That being said – and I really do not even want to say this from the pulpit for fear I might jinx it – I was trying to come up with an issue going on in the church right now that I could compare this dietary conflict in Rome to and I honestly could not.  We really have found ourselves in a positive place here in terms of keeping our lines of communication open to discuss challenging topics and being willing to compromise.

So first of all – let’s celebrate that!  I do not take it for granted.

But I still think this scripture has a lot to teach us.

Paul starts off this passage by saying, “Welcome those who are weak in faith.”[2]

Okay, so he did use this opportunity to take a little stab at those who were restricting their diets by calling them weak, but let’s put that aside for a moment and acknowledge the fact that he started this passage by calling the church to WELCOME.

WELCOME those who are weak in faith.

This is a message that I think can really resonate within our community.  It reminds us that no matter who we are, where we are on our journey through life or why we are here at this church, we are called to welcome one another in God’s love.

Our church is not made up of one demographic of people.  We have twenty-somethings, we have young families, we have youth, we have empty nesters, we have retirees and we have grandparents and great-grandparents.  We come to this space in different places on our journeys through life; we are all looking to get something different out of the church and all have different abilities to give back to the church.

And what Paul is saying here is that we need to welcome one another amidst this diversity.

I do not think this passage is necessarily about seasoned veterans of the church welcoming new people into the community (although I do think that is important!).  I think this passage speaks to our community as a whole – ALL of us – and reminds us to practice hospitality amongst ourselves.

I want everyone to try something:  After worship today, talk to someone you have never had a conversation with before.

I have been thinking about putting this out there for awhile, and this week’s scripture really gave me the push I needed to do it.  Over the past several years, I have spent a lot of time talking with various groups in the church about hospitality and welcoming new members. One of the challenges everyone identifies is how to know if someone is new or not.  “What if I go up to talk to someone who I think is new and it turns out they’ve been coming to the church for awhile?” people always ask.

In reading and reflecting on this scripture, the thought crossed my mind this week that perhaps it does not make a difference whether someone is new or not. Regardless of whether someone has been here their whole life or just walked through our doors, we should always be trying to reach out to one another, foster new relationships and strengthen our community through hospitality.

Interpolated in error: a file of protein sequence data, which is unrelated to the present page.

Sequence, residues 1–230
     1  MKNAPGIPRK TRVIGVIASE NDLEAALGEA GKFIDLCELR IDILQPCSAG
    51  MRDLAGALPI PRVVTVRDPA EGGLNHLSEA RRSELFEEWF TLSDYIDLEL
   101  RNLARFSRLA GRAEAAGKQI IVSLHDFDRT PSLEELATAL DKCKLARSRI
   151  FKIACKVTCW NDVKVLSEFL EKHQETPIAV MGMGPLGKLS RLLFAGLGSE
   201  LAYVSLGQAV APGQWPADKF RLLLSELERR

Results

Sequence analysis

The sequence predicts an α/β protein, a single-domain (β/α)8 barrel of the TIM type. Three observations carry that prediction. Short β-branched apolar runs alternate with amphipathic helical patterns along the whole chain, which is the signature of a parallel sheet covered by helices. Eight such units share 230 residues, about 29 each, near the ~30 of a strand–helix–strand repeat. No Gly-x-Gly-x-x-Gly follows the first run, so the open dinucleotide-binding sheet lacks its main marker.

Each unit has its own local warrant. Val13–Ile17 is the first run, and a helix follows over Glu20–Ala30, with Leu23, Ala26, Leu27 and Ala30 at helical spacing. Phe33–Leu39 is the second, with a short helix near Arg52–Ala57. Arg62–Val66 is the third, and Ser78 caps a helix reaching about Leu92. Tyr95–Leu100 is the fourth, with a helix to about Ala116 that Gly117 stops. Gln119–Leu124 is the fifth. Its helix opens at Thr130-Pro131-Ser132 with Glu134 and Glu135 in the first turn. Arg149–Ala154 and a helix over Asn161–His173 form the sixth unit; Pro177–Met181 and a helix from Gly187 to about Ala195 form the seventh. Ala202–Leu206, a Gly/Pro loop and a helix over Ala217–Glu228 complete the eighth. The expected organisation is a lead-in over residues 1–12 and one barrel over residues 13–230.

Paul writes in this letter:

We do not live to ourselves, and we do not die to ourselves.  If we live, we live to the Lord, and if we die, we die to the Lord; so then, whether we live or whether we died, we are the Lord’s.[3]

It is important we remember that, in coming to this church and being part of the community, we are all equal.  We are all children of God.  We all love this church and want to see it grow and thrive.

And so I think we need to heed the call of scripture today and practice hospitality within our own community.

We may not be quarreling about dietary practices, but Paul’s words about hospitality are so important for us to take seriously as we continue to think about who we are, as a church, and who God is calling us to be.  It is in welcoming one another that we spread God’s love in this world.  As we seek to create the type of peace we pray for, we need to remember that it starts right here.  The work we do in this church matters; the community we nurture and strengthen is important.  Our church can and will change lives.

So after church today, I invite you to welcome one another.  Talk to someone you have never talked to before.  If you need a topic of conversation to break the ice, feel free to start with, “Can you believe Rev. Sarah is making us do this?”

It might not feel totally comfortable at first; but I promise you will not only learn something from doing this – but our community will be better for it.

Friends, let us practice hospitality here at the Rehoboth Congregational Church !

Also – if anyone would like to set up a meal plan for Bruce and me, please talk to me after worship.

AFTER you have talked to someone you have never talked to before, that is.

Thanks be to God!

[1] Romans 14:2, NRSV
[2] Romans 14:1, NRSV
[3] Romans 14:7-8, NRSV